Autumn's earliest reds in these two Kentucky natives
In the earliest days of autumn, red leaves appear within the tangled, brushy fencerows of rural Kentucky roads. These bright spots of fall color are often provided by two native trees -- sumac, in its several species, and sassafras. I enjoy seeing them progress into an overall state of crimson as the season continues.
Sassafras (Sassafras albidium) can grow to be a large understory tree (up to 50 feet tall) in the woods. The larger sumacs, such as flameleaf (Rhus copallinum) and staghorn (Rhus typhina), can reach 35 feet of height in ideal conditions, such as at the sunny edge of a grove of trees. However, in the fencerows along roads, these trees don't often attain such heights.
Along the county and state roads, the road departments use regular mowing, brush cutters, and herbicides to discourage woody growth. Our regional electric company uses a horrible, aerial "bush hog" under power lines. It chops and breaks every growing thing to a 10-foot height. Farmers repair their fences and clear the trees and bushes from the fencerows from time to time.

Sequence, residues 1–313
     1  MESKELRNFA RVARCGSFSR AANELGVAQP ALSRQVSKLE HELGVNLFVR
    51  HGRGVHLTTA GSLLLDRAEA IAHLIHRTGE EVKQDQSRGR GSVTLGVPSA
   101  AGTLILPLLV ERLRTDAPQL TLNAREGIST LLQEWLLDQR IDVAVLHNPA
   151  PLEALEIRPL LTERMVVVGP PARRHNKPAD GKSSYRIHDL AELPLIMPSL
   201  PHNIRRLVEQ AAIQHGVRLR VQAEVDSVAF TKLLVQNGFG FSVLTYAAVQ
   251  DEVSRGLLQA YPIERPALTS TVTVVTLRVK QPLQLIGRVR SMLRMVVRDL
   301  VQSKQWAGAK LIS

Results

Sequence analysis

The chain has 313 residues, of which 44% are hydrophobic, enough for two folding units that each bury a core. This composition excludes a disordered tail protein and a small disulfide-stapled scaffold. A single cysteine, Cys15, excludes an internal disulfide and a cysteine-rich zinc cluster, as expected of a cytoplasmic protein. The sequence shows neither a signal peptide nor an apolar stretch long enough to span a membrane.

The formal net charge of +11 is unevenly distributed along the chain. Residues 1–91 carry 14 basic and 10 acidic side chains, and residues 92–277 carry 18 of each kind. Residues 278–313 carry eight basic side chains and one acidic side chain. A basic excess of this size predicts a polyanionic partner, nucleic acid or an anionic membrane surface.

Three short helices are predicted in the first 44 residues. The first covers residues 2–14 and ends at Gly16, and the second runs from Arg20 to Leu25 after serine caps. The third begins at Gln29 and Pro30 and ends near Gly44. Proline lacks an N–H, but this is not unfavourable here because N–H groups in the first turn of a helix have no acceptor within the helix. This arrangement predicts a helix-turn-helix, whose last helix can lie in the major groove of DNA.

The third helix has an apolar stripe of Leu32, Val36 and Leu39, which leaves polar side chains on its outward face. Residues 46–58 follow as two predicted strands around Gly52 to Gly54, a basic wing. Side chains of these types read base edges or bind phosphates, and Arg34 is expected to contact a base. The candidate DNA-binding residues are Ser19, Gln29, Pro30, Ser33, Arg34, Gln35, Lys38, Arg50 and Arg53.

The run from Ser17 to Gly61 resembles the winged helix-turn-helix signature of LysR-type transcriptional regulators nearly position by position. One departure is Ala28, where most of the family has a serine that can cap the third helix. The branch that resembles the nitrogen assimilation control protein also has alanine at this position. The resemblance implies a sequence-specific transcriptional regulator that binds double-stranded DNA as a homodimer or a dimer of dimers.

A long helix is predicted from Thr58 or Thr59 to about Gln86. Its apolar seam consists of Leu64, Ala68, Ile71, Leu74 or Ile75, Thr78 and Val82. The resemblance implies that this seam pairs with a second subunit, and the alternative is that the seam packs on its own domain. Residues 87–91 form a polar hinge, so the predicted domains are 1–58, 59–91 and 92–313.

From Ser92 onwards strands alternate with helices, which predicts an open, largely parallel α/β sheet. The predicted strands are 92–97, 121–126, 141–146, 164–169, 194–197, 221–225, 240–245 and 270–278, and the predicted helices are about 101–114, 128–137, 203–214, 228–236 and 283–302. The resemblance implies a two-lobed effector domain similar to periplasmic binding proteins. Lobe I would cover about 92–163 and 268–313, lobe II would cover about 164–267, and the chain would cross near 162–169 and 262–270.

These sorts of setbacks don't kill out the sumac and sassafras. Both these trees have extensive root systems that will shoot up new trees. Individual stems may perish, but sassafras and sumac colonies will persist as long as their root systems survive to send up root suckers. That explains the widespread occurrence of these two trees in the fencerows.
In addition, both trees produce fruit that is eaten by birds. When birds rest and roost on the fences and in the bushy growth of the fencerow, seed-laden droppings fall to the ground. This is one of nature's methods of planting new trees.
Sumac provides one of nature's most reliable autumn reds. The fall colors of sassafras include bright yellow, orange, red, and purple.